The University of Southampton
University of Southampton Institutional Repository

Amorphous and nanocrystalline titanium nitride and carbonitride materials obtained by solution phase ammonolysis of Ti(NMe2)4

Amorphous and nanocrystalline titanium nitride and carbonitride materials obtained by solution phase ammonolysis of Ti(NMe2)4
Amorphous and nanocrystalline titanium nitride and carbonitride materials obtained by solution phase ammonolysis of Ti(NMe2)4
Solution phase reactions between tetrakisdimethylamidotitanium (Ti(NMe2)4) and ammonia yield precipitates with composition TiC0.5N1.1H2.3. Thermogravimetric analysis (TGA) indicates that decomposition of these precursor materials proceeds in two steps to yield rocksalt-structured TiN or Ti(C,N), depending upon the gas atmosphere. Heating to above 700 °C in NH3 yields nearly stoichiometric TiN. However, heating in N2 atmosphere leads to isostructural carbonitrides, approximately TiC0.2N0.8 in composition. The particle sizes of these materials range between 4–12 nm. Heating to a temperature that corresponds to the intermediate plateau in the TGA curve (450 °C) results in a black powder that is X-ray amorphous and is electrically conducting. The bulk chemical composition of this material is found to be TiC0.22N1.01H0.07, or Ti3(C0.17N0.78H0.05)3.96, close to Ti3(C,N)4. Previous workers have suggested that the intermediate compound was an amorphous form of Ti3N4. TEM investigation of the material indicates the presence of nanocrystalline regions <5 nm in dimension embedded in an amorphous matrix. Raman and IR reflectance data indicate some structural similarity with the rocksalt-structured TiN and Ti(C,N) phases, but with disorder and substantial vacancies or other defects. XAS indicates that the local structure of the amorphous solid is based on the rocksalt structure, but with a large proportion of vacancies on both the cation (Ti) and anion (C,N) sites. The first shell Ti coordination is approximately 4.5 and the second-shell coordination 5.5 compared with expected values of 6 and 12, respectively, for the ideal rocksalt structure. The material is thus approximately 50% less dense than known Tix(C,N)y crystalline phases.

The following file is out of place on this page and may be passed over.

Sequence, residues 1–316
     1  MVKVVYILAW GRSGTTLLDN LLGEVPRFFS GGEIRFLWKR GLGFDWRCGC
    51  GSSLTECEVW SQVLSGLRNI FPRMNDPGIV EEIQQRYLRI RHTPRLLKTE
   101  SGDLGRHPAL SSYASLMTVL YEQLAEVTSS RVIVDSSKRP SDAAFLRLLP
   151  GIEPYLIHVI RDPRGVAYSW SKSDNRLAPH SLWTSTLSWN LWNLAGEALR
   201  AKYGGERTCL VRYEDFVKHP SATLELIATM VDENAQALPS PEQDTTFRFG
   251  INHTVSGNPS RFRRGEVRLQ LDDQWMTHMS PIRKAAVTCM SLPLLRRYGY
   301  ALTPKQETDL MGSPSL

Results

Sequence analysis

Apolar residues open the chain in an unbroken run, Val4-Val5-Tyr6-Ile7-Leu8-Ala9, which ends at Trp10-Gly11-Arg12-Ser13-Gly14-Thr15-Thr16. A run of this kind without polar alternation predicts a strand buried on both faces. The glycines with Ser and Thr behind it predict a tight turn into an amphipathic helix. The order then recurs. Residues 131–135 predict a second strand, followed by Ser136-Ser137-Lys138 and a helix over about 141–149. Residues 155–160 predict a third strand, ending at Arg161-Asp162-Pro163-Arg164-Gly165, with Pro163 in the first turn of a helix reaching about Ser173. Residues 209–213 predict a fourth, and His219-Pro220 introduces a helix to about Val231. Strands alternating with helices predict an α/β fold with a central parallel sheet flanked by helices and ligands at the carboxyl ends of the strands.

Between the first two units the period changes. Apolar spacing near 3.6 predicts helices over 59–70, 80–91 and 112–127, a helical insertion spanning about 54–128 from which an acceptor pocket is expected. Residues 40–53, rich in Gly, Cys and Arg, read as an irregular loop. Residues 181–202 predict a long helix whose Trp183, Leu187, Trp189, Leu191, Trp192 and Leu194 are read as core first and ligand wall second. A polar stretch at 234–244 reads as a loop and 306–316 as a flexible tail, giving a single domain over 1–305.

titanium nitride, Ti3N4, amorphous, nanocrystalline, X-ray absorption spectroscopy, TEM, Raman scattering
0022-4596
1383-1393
Jackson, Andrew W.
049d4dbf-e5c9-4b4a-b5ae-bd16cd1b923b
Shebanova, Olga
e6580f7d-d9f0-48b1-84b1-43a2d6e9699e
Hector, Andrew L.
f19a8f31-b37f-4474-b32a-b7cf05b9f0e5
McMillan, Paul F.
8bca9219-06e0-4621-bdae-ad059709a147
Jackson, Andrew W.
049d4dbf-e5c9-4b4a-b5ae-bd16cd1b923b
Shebanova, Olga
e6580f7d-d9f0-48b1-84b1-43a2d6e9699e
Hector, Andrew L.
f19a8f31-b37f-4474-b32a-b7cf05b9f0e5
McMillan, Paul F.
8bca9219-06e0-4621-bdae-ad059709a147

Jackson, Andrew W., Shebanova, Olga, Hector, Andrew L. and McMillan, Paul F. (2006) Amorphous and nanocrystalline titanium nitride and carbonitride materials obtained by solution phase ammonolysis of Ti(NMe2)4. Journal of Solid State Chemistry, 179, 1383-1393. (doi:10.1016/j.jssc.2006.01.067).